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Primitive Living in Saijo, Hiroshima

11/05/2011 Comments off

exterior view /// photo © Toshiyuki Yano (Nacasa&Partners Inc.)

exterior view /// photo © Toshiyuki Yano (Nacasa&Partners Inc.)

Design: Suppose Design Office, Japan
Lead Architect: Makoto Tanijiri
Site area: 246 m2
Building area: 50.41 m2
Total floor area: 115.51m2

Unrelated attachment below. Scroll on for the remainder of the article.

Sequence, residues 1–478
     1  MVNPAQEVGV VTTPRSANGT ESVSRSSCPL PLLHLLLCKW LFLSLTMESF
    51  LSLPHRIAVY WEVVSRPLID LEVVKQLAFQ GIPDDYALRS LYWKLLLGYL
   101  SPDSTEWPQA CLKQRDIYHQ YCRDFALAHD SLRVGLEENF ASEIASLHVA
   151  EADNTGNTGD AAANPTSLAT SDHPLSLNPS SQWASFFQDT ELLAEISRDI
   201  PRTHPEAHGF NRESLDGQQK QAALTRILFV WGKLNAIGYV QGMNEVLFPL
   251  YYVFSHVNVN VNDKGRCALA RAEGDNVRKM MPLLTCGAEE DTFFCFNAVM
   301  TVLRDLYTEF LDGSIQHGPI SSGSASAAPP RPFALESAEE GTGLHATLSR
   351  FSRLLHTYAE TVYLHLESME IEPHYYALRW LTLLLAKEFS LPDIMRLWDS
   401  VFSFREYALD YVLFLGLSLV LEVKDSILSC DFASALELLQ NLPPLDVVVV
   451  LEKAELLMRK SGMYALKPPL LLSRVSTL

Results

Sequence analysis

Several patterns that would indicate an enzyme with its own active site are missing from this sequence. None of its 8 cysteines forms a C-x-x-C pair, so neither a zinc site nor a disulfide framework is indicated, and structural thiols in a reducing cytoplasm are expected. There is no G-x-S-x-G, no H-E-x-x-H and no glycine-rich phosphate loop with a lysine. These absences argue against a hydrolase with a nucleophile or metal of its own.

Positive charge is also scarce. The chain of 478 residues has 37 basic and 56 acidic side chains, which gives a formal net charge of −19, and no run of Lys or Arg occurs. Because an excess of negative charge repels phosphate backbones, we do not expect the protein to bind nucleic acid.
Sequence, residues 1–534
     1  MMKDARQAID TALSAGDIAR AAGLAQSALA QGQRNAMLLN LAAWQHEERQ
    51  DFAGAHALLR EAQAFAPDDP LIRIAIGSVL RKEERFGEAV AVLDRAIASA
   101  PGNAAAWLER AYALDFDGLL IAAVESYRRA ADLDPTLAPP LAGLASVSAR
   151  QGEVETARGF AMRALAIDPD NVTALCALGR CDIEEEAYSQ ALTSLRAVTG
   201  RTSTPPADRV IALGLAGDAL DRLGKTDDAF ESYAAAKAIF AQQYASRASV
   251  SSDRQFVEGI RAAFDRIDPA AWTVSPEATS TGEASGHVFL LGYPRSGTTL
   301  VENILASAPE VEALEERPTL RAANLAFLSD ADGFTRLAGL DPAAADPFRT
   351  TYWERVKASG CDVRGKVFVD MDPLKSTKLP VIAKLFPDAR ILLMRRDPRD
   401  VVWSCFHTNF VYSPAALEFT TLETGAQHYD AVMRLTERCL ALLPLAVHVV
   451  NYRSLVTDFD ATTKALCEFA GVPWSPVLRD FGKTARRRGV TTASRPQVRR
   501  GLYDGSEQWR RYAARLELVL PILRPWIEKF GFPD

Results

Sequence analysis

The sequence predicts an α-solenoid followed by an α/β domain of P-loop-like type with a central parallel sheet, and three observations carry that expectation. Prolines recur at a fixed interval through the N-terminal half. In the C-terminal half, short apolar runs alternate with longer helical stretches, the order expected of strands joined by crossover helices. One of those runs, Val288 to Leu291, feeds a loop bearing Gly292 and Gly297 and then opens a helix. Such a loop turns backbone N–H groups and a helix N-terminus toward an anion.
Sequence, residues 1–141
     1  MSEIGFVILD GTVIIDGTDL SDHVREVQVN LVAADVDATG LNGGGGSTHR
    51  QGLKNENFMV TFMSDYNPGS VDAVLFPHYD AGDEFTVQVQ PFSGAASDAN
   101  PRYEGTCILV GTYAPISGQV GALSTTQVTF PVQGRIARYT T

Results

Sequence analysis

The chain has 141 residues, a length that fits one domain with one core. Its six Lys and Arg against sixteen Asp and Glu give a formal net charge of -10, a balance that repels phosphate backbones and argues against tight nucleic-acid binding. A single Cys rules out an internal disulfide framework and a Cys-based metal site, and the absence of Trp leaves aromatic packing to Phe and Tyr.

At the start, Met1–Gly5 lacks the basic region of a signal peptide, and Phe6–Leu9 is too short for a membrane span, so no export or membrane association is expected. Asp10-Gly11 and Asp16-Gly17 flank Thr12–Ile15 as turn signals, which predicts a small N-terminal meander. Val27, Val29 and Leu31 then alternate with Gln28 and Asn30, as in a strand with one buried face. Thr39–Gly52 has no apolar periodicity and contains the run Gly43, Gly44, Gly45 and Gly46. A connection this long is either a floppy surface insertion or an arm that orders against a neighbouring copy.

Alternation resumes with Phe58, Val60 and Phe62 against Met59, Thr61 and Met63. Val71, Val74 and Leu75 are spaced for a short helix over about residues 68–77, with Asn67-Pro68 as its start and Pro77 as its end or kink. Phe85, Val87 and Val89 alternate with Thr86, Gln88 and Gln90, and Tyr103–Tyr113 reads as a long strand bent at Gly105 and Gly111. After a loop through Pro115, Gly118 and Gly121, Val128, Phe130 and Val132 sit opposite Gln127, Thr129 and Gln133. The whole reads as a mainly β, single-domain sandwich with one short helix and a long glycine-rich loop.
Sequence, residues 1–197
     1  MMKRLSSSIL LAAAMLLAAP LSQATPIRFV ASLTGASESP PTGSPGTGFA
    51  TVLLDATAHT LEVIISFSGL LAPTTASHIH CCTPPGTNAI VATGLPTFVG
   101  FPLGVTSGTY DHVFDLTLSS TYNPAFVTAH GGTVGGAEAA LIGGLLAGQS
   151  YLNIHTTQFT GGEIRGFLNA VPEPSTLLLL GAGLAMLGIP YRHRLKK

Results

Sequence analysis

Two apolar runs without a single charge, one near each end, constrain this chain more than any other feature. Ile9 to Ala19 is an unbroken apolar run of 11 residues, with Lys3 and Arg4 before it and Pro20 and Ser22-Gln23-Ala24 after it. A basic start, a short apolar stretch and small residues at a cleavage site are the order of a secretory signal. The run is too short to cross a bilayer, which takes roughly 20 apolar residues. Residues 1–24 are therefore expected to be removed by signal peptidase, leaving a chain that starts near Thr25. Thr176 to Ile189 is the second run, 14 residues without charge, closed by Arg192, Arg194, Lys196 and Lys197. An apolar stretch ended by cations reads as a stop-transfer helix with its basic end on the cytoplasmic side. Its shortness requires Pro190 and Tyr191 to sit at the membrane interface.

“When I always create, I think that I want to find the charm of the plan,” claims 35 year old talented architect Makoto Tanijiri, chief architect of Suppose Design Office. In the nine year existence of Suppose Design Office they have built more than 50 works of architecture, almost all single-family homes, among other projects. The impressive number of works completed topped up in 2007 with the modern pit dwelling in Saijo, Hiroshima. In Saijo, a town known for it sake, a jet black pyramid unexpectedly stands out; when first seen it seems as if it’s a house from the future. On the contrast, it’s actually inspired by the earliest house in Japanese architecture; the pit dwelling or the “tateana jukyo”. Constructed during the Yayoi era (200 B.C. – 250 A.D.), pit dwellings were built by digging a circular pit (or rectangular one with rounded edges) fifty or sixty centimeters deep and five to seven meters in diameter, then covering it with a steep thatched roof. Not very different from talented young architects Makoto Tanijiri’s modern day pit dwelling! Read more…

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